Tuesday, May 21, 2013

"Lazzari's Sports Roundup" - - - - 5/18/13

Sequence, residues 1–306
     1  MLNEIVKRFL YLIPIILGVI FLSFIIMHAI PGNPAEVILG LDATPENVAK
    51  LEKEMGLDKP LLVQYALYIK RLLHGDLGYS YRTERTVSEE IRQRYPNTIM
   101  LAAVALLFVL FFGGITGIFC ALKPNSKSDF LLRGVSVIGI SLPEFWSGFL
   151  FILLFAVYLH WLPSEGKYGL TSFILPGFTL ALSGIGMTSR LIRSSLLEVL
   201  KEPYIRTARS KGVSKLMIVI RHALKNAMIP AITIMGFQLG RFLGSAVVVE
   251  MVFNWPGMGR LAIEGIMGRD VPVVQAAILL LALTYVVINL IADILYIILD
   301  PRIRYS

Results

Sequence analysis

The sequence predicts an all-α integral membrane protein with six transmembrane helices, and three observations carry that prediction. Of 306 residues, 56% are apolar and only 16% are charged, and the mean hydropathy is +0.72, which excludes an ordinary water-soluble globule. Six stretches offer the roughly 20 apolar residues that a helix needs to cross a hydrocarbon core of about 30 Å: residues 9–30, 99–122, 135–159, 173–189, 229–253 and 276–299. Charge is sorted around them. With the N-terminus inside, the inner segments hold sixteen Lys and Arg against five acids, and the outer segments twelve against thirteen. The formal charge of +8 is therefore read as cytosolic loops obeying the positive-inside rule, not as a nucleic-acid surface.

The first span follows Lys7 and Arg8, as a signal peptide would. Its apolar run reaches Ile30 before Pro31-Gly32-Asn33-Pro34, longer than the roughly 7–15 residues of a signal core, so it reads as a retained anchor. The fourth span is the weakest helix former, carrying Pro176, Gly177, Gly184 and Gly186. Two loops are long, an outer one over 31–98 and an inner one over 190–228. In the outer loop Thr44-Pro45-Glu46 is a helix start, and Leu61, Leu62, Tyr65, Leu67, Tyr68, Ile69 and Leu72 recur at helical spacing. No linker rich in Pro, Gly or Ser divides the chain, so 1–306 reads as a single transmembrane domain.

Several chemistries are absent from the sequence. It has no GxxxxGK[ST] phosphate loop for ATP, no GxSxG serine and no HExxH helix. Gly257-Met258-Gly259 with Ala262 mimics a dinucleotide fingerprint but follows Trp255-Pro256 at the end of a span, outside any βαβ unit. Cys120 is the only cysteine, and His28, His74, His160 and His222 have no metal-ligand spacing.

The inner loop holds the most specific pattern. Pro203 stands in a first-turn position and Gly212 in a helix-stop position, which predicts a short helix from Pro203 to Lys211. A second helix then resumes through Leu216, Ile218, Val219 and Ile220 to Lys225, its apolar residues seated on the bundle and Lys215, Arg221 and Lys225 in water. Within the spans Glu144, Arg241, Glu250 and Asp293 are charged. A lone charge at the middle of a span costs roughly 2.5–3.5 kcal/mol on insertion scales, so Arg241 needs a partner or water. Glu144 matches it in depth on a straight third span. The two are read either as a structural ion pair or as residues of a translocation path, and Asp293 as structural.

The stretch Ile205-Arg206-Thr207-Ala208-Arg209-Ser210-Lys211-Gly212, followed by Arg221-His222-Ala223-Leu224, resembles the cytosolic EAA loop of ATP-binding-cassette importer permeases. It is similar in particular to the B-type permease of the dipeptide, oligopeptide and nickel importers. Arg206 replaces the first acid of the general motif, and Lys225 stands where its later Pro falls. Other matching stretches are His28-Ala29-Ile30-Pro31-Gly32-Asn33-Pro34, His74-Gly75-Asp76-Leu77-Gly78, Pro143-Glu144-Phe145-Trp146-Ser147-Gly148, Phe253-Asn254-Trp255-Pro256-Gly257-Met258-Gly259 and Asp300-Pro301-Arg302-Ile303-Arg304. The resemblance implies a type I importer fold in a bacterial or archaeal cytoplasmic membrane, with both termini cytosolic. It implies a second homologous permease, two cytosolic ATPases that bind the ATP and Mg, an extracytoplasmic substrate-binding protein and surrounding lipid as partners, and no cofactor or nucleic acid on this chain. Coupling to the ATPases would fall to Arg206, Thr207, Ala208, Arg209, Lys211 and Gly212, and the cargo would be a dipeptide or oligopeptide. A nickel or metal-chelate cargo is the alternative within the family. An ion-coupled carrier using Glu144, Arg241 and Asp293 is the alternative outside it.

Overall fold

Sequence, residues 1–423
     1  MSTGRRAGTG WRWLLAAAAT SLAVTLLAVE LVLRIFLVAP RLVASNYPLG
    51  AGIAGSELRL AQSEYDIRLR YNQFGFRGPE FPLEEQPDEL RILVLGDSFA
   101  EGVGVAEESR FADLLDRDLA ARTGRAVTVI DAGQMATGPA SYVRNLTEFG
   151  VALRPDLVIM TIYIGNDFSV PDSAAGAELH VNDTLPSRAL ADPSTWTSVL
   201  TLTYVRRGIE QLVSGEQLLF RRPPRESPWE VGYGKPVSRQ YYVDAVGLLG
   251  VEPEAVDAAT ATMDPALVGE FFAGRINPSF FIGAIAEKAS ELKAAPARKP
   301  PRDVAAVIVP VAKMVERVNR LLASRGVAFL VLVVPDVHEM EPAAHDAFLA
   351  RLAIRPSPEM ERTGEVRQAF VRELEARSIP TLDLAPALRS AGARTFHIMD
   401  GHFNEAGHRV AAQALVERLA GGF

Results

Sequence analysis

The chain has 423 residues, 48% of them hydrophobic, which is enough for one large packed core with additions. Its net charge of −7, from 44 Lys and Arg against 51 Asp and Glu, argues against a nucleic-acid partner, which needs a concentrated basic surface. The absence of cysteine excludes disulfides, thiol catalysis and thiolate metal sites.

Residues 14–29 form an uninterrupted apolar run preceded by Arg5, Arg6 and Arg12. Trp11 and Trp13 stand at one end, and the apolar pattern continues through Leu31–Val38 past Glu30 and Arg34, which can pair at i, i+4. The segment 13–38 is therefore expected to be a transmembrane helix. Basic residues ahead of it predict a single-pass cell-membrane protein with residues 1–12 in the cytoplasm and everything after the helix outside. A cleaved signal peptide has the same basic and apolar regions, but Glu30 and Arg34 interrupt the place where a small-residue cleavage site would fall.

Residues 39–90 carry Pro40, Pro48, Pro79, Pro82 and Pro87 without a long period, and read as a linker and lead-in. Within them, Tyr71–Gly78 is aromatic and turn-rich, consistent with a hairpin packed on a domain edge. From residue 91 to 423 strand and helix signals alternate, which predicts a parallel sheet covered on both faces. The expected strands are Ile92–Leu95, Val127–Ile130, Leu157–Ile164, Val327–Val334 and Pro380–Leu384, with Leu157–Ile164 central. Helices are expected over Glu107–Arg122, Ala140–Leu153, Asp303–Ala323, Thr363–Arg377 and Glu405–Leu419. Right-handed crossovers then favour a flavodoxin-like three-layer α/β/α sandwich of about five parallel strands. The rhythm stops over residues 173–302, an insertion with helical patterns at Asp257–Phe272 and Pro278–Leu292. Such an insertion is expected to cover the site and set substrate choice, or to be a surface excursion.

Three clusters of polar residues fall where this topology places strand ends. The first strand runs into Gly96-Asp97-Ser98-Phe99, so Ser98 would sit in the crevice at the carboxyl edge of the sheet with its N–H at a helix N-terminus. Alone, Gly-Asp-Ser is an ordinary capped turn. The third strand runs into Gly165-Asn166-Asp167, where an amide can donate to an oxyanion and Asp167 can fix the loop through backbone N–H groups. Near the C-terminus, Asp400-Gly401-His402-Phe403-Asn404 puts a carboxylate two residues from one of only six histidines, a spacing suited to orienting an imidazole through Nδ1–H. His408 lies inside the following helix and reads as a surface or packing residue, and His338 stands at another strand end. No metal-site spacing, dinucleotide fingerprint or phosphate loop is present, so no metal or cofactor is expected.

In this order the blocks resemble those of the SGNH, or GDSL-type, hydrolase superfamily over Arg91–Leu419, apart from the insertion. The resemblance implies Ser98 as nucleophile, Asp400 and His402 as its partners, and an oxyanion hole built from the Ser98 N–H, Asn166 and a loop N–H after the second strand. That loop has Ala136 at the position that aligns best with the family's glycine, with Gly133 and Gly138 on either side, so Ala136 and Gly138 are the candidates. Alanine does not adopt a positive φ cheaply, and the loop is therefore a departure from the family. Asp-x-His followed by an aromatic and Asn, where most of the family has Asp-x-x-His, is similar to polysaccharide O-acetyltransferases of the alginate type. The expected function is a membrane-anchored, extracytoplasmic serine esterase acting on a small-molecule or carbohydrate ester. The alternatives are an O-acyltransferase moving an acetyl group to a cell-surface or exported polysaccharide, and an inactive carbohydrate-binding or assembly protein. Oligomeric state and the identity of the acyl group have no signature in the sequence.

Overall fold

Enjoyed talking to former NBA player Mike Gminski at the Gold Key Dinner in Southington a few weeks ago. We played against each other at the middle school level; he told me he always enjoyed making the short trip from Monroe to the Valley here in CT. What probably made it MOST enjoyable for him was how his team beat the pants off ours; he was already probably 6'5" tall at the time while our tallest player had to be about 5'10"..........TRIVIA QUESTION: What pitcher has thrown the most innings in Pittsburgh Pirates history? Answer to follow..........Over/under date for the next N.Y. Jets player to get busted on marijuana possession charges: June 15th..........Tragic news about former NASCAR driver Dick Trickle--a short-track specialist who died of a self-inflicted gunshot wound on May 16th. Reportedly, Trickle had been experiencing chest pains before his suicide, but he never seemed to be able to recover mentally from the death of his granddaughter--who was killed in a car accident in 2001; he also had a nephew who was shot to death in 2007. But I'll prefer to remember him as a charismatic, unique character--a guy known for smoking cigarettes during races and poking fun at himself due to his lack of success at the top level in the NASCAR series (even though he was voted NASCAR's rookie of the year in 1989--the oldest to win the award). I just hope you're finally at peace now, Mr. Trickle; thanks for your dry wit, the fun memories, and for being one helluva driver, too..........When Red Sox utility man Pedro Ciriaco played first base on May 12th, it was the SEVENTH position he has manned during his short career; he has yet to catch or pitch. THAT kind of versatility will keep a player on SOME team's roster for a very long time..........Since the passing of golf legend Ken Venturi, we've heard a lot about his heroic efforts in 1964 when he won the U.S. Open in blistering heat in Maryland while fighting off dehydration; yes, it was his signature moment as a golfer and an amazing feat. I'd also like to point out how terrific a commentator he was for CBS after his retirement from golf--underrated, in fact; he remained with the network for 35 years before leaving in 2002. Often paired with Jim Nantz, Venturi's low-keyed approach and smooth delivery were welcomed qualities that I'll never forget. His keen insight truly taught me how intricate the game of golf truly is--and how difficult it is to master. Mr. Venturi was recently elected to the World Golf Hall of Fame but couldn't attend the ceremony due to illness. He'll surely be missed--but never forgotten--by those of us who've followed golf over the past few decades..........O.K.--here goes: Former LPGA player Sally Little marries NBA player Michael Redd, divorces, marries British alpine skier David Ryding--divorces again--then walks down the aisle with former MLB pitcher Don Hood. Fans of old fairy tales would surely enjoy her full married name of Sally Little Redd Ryding Hood..........ITEM: Former Detroit Lions receiver Titus Young is arrested at least THREE TIMES (I lost track) within a week. I don't know if this is a sports question or a societal one--but let me ask it anyway: How in the world is this guy ALLOWED to be arrested more than, say, TWICE in one week? Putting aside possible brain disorders, concussions, etc., isn't this an embarrassment on the part of our legal system IN GENERAL?..........Since signing with the Red Sox in late 2009, pitcher John Lackey has won less than 30 games for the team and has pitched to an ERA of around 5.00. He will have earned (or should I say COLLECTED) around $65 million from the team when the current season ends. I'd say that all of this qualifies as "grand larceny"--don't ya think?..........Did you know that the 2004 N.Y. Mets--who finished 71-91 under manager Art Howe--were led in RBI's by Mike Cameron with a total of just 76? Offense was definite a problem that season; Cameron also led the team in runs scored (same modest number--76), and the team didn't have one player--starter or reserve--bat above .294..........Answer to trivia question: BOB FRIEND--who threw 3,480 innings for the Pirates between 1951 and 1965..........Finally, I was also saddened to hear about the death of former N.Y. Jets wide receiver George Sauer--who passed away recently of congestive heart failure at the age of 69; he had been battling Alzheimer's disease. A star player at Texas, Sauer played just six years in the AFL/NFL, but surely left his mark. He led the AFL in receptions in 1967 with 75, but is best-known for having a game-high eight receptions in Super Bowl III--when the Jets upset the highly-favored Baltimore Colts. Sauer was considered a rebel due to his feelings about the game of football; he considered it "dehumanizing" and disdained any type of regimented routine. He looked at his poetry/writing as much more important/relevant than the game of football--even though he was such a gifted athlete. All told, Sauer caught 309 passes for 4,965 yards during his short career between 1965 and 1970--scoring 20 touchdowns. His sister, Ms. Dana Keifer, is his only immediate survivor. Thanks for the memories, George; may you rest in peace.

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